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Title: The genetic basis of carcinogenesis in the clam enterocystoplasty
Author: Ivil, Kenneth Douglas
ISNI:       0000 0004 2672 0591
Awarding Body: UCL (University College London)
Current Institution: University College London (University of London)
Date of Award: 2007
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The incidence of carcinoma following enterocystoplasty increases with time and there is an urgent requirement to develop techniques that can identify patients who will develop a life-threatening tumour. Endoscopic biopsies were taken from the ileovesical anastomosis and native bladder remnant (control specimens) of patients who had undergone a clam ileocystoplasty. Fluorescence in-situ hybridisation (FISH), using centromeric probes for chromosomes 8, 9 and 18, was performed on touch sample preparations from biopsies obtained from fifteen patients. Significant aneuploid changes were found at the ileovesical anastomosis in all cases. Chromosome 18 aneuploidy was present in thirteen patients and may prove to be a useful marker of anastomotic instability. FISH was also used to study tissue from a squamous cell clam cancer and demonstrated a large number of polyploid cells (twenty-three percent). A 'silent' p53 point mutation was identified at codon 192 by sequencing deoxyribonucleic acid (DNA) from this tumour. The restriction site mutation (RSM) assay was used to identify rare p53 mutations in DNA extracted from biopsies obtained from thirty-eight patients. The RSM assay studied five known hotspots for mutations of the p53 gene using the restriction enzymes Hha 1 (codon 175), Taq I (codon 213), Hae III (codon 249/250) and Msp I (codons 148 and 282). Early p53 mutations were found at the ileovesical anastomosis at codon 213 (one patient), codon 248 (three patients) and codon 250 (three patients). The mutations were characterised by sequencing the undigested, mutated polymerase chain reaction products obtained by RSM analysis. The anastomosis of patients who have undergone a clam ileocystoplasty is inherently genetically unstable and therefore prone to cancer formation. Both FISH and the RSM assay show promise as screening techniques and may prove to be useful in identifying those patients most at risk of developing a life-threatening tumour.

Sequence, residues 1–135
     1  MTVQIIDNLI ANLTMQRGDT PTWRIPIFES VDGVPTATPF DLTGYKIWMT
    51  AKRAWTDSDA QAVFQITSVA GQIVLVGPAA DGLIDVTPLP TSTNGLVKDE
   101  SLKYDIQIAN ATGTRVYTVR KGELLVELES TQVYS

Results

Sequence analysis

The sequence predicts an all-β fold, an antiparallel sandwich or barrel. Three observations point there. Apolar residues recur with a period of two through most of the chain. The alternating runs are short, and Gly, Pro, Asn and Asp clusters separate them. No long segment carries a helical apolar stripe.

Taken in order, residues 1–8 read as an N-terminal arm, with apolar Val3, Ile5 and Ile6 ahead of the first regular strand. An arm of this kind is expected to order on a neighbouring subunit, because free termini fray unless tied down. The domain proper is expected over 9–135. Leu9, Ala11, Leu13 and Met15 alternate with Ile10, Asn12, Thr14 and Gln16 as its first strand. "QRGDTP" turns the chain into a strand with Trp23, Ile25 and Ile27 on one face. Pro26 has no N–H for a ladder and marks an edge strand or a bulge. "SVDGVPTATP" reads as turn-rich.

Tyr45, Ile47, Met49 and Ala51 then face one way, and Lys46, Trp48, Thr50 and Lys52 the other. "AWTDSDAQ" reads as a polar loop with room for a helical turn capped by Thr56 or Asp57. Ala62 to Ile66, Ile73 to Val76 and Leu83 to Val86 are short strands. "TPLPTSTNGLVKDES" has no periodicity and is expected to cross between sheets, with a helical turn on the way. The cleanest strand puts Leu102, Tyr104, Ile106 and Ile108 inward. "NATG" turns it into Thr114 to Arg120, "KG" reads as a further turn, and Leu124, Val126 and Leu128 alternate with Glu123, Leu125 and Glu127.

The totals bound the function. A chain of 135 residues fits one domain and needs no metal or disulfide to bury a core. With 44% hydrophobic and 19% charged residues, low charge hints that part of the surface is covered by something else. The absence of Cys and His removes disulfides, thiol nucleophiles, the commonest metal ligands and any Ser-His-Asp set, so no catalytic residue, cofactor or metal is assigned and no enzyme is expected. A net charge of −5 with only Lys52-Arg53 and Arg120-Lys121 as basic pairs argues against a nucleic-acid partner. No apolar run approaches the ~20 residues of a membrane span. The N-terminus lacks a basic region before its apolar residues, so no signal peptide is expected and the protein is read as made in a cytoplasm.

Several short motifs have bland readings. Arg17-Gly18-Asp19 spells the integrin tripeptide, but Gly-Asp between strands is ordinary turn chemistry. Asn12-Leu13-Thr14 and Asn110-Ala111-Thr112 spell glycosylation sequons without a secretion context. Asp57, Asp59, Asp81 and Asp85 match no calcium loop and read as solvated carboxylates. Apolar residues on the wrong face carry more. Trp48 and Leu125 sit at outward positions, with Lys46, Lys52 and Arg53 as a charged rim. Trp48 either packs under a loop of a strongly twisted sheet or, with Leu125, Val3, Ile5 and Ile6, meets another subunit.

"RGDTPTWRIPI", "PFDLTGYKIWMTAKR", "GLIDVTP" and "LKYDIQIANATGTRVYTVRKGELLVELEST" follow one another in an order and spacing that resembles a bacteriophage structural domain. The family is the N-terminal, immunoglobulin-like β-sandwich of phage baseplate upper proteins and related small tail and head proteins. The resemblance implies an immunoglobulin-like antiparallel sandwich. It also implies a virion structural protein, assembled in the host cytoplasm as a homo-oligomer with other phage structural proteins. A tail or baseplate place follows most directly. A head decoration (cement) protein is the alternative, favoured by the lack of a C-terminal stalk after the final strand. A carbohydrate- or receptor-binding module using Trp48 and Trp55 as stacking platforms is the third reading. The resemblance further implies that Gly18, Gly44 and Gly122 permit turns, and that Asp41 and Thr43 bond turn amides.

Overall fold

Supervisor: Not available Sponsor: Not available
Qualification Name: Thesis (Ph.D.) Qualification Level: Doctoral
EThOS ID:  DOI: Not available